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Fiesta Apple Trees

Key Data

Eating Apple Trees Eating Pollination Group D Exposed Windy Areas Pollinator

Self fertile RHS Award of Garden Merit

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Malus domestica Fiesta / Red Pippin - Eating Apples

Browse all our apple trees here or read our guide to buying the right apple tree.

A blushing red and yellow beauty of an apple, with a fine flavour and crunchy flesh, the Fiesta is one of the best offspring of the famous Cox's Orange Pippin and, unlike its parent, is easy to grow. Basically a sweet tasting apple, Fiesta has preserved some of the subtle blend of flavours that make Cox so great, though it can't really be called a substitute. They juice well and are good for storage - after picking in late September, Fiesta Apples last into the new year without too much loss of flavour.

Fiesta Apple Trees: History and Parentage

Fiesta is one of the East Malling Research Station's great creations, raised by the distinguished Dr Frank Alston in 1972. The other parent is Idared, which has some similarities to Cox in terms of flavour and stores well - both qualities have been passed on to Fiesta. Recently, there has been a drive to rename it Red Pippin.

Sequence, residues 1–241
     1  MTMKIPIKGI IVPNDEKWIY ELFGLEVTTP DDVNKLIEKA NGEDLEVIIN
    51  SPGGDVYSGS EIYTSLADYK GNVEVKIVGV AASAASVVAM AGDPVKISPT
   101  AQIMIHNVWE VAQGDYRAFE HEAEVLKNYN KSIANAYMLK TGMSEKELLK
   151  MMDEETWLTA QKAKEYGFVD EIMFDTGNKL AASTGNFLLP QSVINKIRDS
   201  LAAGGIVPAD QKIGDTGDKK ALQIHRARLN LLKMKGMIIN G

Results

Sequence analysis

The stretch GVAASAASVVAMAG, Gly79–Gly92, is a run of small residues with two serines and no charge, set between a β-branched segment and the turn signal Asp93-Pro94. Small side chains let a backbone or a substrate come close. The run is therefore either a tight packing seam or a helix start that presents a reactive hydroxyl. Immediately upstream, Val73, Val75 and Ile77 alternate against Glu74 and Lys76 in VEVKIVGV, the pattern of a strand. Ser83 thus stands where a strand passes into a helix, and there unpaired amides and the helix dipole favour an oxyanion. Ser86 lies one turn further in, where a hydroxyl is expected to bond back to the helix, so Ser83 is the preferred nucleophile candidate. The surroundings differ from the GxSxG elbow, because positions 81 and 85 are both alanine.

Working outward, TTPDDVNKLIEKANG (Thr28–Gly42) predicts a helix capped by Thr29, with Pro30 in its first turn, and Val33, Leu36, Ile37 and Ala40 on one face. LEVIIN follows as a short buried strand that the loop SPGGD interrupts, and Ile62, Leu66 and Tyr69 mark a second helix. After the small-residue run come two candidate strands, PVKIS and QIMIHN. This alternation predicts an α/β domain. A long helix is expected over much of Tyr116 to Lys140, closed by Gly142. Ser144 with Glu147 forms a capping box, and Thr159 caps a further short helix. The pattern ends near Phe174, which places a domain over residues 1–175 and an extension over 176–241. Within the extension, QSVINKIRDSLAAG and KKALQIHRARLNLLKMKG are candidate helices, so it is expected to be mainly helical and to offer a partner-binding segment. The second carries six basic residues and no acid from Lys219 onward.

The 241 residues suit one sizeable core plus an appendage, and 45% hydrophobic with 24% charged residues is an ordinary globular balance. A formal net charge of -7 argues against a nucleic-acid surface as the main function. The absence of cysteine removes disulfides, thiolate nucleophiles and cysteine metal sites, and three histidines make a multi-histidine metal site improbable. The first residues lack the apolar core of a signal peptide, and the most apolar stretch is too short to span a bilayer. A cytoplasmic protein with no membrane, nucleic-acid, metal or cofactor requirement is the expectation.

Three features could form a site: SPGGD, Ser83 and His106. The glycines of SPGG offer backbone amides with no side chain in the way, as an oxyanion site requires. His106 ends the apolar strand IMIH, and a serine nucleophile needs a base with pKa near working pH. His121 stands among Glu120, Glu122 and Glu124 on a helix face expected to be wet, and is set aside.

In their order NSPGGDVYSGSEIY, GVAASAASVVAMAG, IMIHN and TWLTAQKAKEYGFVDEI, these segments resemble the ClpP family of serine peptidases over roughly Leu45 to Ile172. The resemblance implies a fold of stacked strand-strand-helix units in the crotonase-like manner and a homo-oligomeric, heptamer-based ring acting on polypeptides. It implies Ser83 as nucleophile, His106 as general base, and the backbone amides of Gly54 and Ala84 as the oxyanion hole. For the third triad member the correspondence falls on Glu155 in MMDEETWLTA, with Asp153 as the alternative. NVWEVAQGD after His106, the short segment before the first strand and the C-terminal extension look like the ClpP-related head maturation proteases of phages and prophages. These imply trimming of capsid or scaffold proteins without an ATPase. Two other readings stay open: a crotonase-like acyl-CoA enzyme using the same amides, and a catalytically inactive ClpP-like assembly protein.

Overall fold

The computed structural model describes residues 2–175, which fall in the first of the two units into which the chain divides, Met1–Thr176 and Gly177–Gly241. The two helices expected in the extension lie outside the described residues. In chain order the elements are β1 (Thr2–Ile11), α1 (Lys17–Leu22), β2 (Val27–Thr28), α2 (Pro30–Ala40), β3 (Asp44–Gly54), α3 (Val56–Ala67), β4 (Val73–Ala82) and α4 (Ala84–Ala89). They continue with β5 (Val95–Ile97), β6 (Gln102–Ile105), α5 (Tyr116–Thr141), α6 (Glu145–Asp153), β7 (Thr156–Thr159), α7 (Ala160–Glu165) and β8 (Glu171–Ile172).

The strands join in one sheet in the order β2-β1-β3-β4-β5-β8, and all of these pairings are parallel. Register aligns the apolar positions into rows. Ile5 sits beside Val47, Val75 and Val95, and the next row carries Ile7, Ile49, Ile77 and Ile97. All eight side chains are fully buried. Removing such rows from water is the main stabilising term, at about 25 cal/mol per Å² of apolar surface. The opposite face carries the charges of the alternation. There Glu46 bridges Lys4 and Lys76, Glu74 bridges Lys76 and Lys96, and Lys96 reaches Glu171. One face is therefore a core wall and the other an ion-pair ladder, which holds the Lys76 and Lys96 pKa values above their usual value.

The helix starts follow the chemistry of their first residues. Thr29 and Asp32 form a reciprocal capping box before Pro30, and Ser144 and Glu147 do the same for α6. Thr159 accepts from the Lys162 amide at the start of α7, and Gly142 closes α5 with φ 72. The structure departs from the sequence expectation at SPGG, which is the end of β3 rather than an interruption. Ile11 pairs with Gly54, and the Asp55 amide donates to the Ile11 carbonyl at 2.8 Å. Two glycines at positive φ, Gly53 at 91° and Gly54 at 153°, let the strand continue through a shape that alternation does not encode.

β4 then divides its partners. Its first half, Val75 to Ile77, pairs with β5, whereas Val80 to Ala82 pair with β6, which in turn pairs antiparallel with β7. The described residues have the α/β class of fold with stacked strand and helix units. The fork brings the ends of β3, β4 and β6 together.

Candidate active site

Apple Tree Pollination Guide for Fiesta

Being partially self-fertile, you can get away with not having a pollination partner, though your crop size will suffer a bit. Fiesta is a mid-late season flowerer and can cross pollinate with any tree in the mid or late season categories.

Rootstocks and Cultivation Notes

Our Fiesta Apple trees are grown on MM106 rootstocks, with the exception of the cordons (M9) which is an ideal combination for both restricted forms and a good sized garden tree about 4 metres high. Fiesta apple trees are quite compact and are one of the best apples for growing as cordons and other wire trained forms. They are very hardy and we recommend them if late frosts are an issue in your area. Though they are not very vigorous, they become heavy croppers in time with an even harvest from year to year.

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